The first chapter kind of did. It was all about the choice – who we choose, how we choose and why we choose them. When I fell in love with my ex-husband at the age of 18 choice wasn’t even a THING: I followed my hormones and heart with absolutely no rational thought beyond what felt good. Now, with the age of dating apps and websites, we are able to make so many more decisions about a person before we’ve even met them. Crucially before we see how this person’s chemistry makes us feel – which for me is always the most important factor when it comes to initial attraction.
Because of my situation of single parent (and how easy it is to nip on Tinder or Happn) it’s very rare I meet anyone for the first time out in ‘the real world’ so the criteria I follow when initially checking someone out online has become well-honed. I wrote about doing away with the ‘man shopping list‘ a year and a half ago but really there are some fundamentals that I just can’t get past. Height, humour, ambition, fitness, location, culture, shoes. Really high-brow stuff.
According to research we have much higher expectations of relationships in modern times so we expect a lot more from a potential partner; in the 50s and 60s we might look to a man to be a ‘good’ provider and husband as the most important thing (and similarly a man would be on the hunt for a ‘good’ wife and mother) with true love as a secondary. Now in the age of Tinder we won’t settle for less than soulmate and we can reject future partners as easily as a swipe of your finger.
AND THIS IS TRUE.
I have rejected men on Tinder because the state of their bedrooms in the background, a badly judged tattoo or a penchant for selfies with tigers. After meeting men who have got past the first stage of the screening process I have refused to give up my single status for anything that hasn’t felt 100% perfect: sometimes I wonder whether or not this is the right thing to do. Everyone has their flaws, so should I be a bit more forgiving when it comes to dating? Or is it actually OK to stop seeing someone when they become a bit arrogant/annoying/needy? Or when it just doesn’t feel right?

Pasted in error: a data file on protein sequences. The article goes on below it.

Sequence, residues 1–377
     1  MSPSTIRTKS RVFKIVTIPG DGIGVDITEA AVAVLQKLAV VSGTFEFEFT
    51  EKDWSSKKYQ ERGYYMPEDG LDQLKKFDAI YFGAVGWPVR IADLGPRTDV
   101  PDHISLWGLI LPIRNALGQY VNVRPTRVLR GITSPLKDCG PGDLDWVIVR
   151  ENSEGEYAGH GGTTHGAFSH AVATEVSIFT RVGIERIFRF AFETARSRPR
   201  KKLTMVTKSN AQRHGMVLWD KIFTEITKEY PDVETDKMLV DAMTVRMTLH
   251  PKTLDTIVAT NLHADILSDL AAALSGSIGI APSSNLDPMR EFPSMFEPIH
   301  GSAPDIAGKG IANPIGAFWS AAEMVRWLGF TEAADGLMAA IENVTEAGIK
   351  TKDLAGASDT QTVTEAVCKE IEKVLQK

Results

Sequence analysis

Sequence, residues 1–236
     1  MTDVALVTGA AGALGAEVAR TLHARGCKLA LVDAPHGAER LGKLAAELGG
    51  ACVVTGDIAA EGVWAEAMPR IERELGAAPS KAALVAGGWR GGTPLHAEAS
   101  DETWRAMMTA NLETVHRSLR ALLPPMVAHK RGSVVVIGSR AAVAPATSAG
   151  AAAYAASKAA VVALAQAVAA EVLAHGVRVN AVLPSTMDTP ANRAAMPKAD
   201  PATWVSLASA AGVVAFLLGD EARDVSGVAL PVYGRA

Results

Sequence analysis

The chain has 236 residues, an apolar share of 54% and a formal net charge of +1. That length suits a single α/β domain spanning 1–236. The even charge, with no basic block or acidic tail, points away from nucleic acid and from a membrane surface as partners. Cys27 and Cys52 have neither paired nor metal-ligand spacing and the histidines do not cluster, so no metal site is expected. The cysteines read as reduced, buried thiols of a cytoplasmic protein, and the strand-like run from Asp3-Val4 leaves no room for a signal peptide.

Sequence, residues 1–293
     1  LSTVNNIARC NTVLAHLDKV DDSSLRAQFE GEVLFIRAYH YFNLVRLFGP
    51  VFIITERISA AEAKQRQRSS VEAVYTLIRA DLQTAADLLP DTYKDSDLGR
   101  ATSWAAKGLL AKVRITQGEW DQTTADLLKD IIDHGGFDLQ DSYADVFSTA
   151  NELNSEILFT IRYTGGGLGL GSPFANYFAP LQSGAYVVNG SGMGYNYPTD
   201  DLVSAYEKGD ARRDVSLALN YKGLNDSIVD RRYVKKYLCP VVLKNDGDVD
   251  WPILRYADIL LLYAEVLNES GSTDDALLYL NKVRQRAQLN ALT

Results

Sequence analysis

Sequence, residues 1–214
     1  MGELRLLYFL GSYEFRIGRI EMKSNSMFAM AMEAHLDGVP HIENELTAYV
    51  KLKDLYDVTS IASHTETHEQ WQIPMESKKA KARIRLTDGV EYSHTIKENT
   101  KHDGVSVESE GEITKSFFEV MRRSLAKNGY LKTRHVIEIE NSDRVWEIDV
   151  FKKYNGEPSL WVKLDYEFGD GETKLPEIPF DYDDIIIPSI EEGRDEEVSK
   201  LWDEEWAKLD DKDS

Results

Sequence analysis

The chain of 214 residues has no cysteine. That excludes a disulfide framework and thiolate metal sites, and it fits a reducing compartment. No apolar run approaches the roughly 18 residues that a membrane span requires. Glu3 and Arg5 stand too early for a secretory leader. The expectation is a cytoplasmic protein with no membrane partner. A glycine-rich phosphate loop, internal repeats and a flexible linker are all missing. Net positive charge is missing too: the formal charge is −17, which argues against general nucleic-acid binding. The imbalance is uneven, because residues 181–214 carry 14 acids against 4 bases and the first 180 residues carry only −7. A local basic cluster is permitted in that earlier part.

Annoyingly the more independent I find I become the more difficult it is to bend and flex around another person. If I feel we aren’t a total match then I don’t really want to pursue a relationship – after all, I know it’s less hassle to be on my own and that way I don’t have to deal with anyone else’s crap taste in TV. But I can’t help thinking this is a fairly brutal way of looking at relationships. I’m not deluded enough to think you can bend a man’s personality to your will but partnerships are give and take… this should perhaps factor more to me.
I’m trying to be a bit more flexible with the type of people I date and this has been backed up with experience; one of the best dates I’ve been on this year was with someone who hadn’t met one of my top ‘criteria’. Don’t worry, they weren’t a selfie aficionado, but it really did prove that you can’t judge a book by a (Tinder) cover.
So crucially, as a 30 year old woman with children to consider, there are always going to be more practical factors to consider when going to a relationship other than “he gives me butterflies”. I wonder what I would think about my ex-husband if we met now?!